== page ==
Guest Contributor Janet Lee
This is hard for me to write. I have avoided engaging too much with this election since my trend-reading and predictions skewed very wrong for half of the nominees. I have been able to predict political trends well previously, and was just completely wrong in my underestimation of a candidate. Then again, so was Nate Silver, so perhaps I am in good company. I was also wrong by overestimating the kindness of the country. That overestimation, of decency, love, and understanding, is the reason I am writing this.
Let me get this out of the way; I am using a pseudonym. I have a family that I wish to protect and cannot speak my mind safely on the Internet in light of recent events. That being said, I am an Asian woman who was adopted into a white, middle class family in a suburban area from infancy. I am Asian only in genetics, and have marginal connections to any Asian culture or heritage, but respect that it is very much a part of who I am. I am American. I am a citizen. I care about this country. I want good things to happen for America and Americans. I have a Masters degree, a career, and am raising a family. Some people would call me whatever the new term is for millennial yuppies. I am everything the middle class of America is, and for the first time, I am scared of what the future holds for my family.
My daughter, not yet a pre-schooler, could inherit a dangerous world. Let me speak about race. I am concerned that since she is mixed race, and a female, that the rhetoric of the country will not be kind. I see it turning slowly, between the way Twitter users can turn on former friends, the way race is a political game, and the way the country has people gaining media attention that spout crude and derogatory phrases casually and frequently. The Internet is quick to label people by whatever is convenient to the narrative, the most sensational, or the most inflammatory. People will speak about and to others online in ways you would never expect or hope to hear. Hateful speech is now mainstreamed, and the era of decency seems to have passed us by. We must change this now before it becomes worse. Silently accepting this is not a choice anymore. This is not an Asian or a mixed race problem, but it is a decency problem that is leaching into the lives of many citizens. Whenever anyone does not match the selected vision of the American citizen, they can become a target.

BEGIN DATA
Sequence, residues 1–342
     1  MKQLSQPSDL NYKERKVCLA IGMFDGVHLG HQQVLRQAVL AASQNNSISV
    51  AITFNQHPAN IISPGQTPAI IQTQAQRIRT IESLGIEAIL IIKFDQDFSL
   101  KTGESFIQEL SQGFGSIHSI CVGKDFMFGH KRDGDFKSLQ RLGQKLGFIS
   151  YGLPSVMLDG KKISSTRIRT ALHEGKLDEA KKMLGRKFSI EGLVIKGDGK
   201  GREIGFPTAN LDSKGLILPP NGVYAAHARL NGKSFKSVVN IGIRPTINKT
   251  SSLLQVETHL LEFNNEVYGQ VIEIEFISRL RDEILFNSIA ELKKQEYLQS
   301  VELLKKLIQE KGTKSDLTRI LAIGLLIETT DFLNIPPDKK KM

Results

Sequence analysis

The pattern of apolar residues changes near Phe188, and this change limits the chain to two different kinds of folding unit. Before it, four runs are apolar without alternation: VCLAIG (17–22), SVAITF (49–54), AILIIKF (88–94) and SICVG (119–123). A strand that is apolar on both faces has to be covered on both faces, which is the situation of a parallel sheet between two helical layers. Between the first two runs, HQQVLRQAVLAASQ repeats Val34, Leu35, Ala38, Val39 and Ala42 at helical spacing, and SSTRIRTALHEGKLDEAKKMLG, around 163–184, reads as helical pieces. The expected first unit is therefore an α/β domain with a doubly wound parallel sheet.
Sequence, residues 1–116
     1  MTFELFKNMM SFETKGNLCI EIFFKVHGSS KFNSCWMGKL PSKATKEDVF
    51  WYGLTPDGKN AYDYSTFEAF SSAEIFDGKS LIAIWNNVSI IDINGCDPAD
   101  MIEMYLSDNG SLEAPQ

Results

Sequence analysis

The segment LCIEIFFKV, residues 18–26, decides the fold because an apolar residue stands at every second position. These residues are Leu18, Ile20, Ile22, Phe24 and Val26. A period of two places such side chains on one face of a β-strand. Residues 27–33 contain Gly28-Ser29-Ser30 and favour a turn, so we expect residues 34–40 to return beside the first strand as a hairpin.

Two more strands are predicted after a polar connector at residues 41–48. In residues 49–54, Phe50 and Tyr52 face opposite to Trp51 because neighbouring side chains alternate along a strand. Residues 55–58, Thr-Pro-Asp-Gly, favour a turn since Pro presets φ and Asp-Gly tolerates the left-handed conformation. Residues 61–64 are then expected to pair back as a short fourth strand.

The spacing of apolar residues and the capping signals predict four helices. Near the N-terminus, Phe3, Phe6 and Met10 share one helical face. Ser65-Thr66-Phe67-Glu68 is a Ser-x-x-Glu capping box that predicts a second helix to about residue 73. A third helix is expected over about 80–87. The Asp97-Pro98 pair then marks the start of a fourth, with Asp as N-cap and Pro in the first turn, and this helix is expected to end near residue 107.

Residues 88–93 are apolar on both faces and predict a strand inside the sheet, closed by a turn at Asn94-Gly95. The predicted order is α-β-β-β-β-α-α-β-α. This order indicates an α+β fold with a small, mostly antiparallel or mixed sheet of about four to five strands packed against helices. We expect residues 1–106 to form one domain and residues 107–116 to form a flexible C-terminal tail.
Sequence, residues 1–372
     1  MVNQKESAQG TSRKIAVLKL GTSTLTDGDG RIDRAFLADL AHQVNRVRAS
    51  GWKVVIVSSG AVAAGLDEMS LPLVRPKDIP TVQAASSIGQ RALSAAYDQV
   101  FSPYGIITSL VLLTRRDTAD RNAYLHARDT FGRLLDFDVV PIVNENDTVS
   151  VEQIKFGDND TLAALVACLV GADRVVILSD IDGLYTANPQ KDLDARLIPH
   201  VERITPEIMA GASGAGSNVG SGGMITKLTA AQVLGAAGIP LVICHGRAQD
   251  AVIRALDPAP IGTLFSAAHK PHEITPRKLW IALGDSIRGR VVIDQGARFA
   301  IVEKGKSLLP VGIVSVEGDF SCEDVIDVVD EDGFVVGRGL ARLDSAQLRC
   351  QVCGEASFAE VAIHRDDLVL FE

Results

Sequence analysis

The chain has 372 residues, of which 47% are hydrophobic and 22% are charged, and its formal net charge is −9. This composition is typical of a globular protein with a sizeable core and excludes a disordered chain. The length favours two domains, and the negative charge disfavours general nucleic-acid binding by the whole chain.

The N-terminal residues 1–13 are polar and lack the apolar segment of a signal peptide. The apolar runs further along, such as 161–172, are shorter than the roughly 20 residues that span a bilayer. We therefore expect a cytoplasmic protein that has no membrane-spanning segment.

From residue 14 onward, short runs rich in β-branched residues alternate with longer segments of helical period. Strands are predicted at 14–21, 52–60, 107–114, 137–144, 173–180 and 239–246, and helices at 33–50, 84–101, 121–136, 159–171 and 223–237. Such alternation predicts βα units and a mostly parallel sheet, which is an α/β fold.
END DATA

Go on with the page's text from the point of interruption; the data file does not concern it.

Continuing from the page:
As a result of being mixed race, my daughter will face struggles from two different perspectives. One because she is not one hundred percent white, thereby reducing her entirely to being of Asian descent and negating her personality or experiences. The other being the dreaded “other” box on forms, forcing her to accept the non-normalized mixed race status of otherdom or picking the side she would rather be. I worry that she will be forced to face racism, something that I rarely had to do growing up, sexism, as is still too often the case, and the worst – the intersection of the two. I am afraid for what my daughter will face if we normalize this rhetoric and behavior, and I am afraid for our family.
I have always believed in America and its citizens’ kindness towards others, and I have to believe that we can change the trajectory of this election. We need to in order to move forward and accept the people who are Americans. We cannot be mired in cruelty or we breed fear in citizens, nor can we just silently and passively accept this as normal. I have hope that this election is a referendum on more than just branding. However, until a change happens, that seed of fear and doubt will linger as I raise my daughter.
1/12/2018 08:52:31 am
In the end, no matter the skin color, the details of how one was raised is ultimately trumped by how one lives his or her life. If a young woman (wishing for herself and her family a happy existence) has situational awareness of her surroundings, she’ll do what is needed to be safe and thrive.
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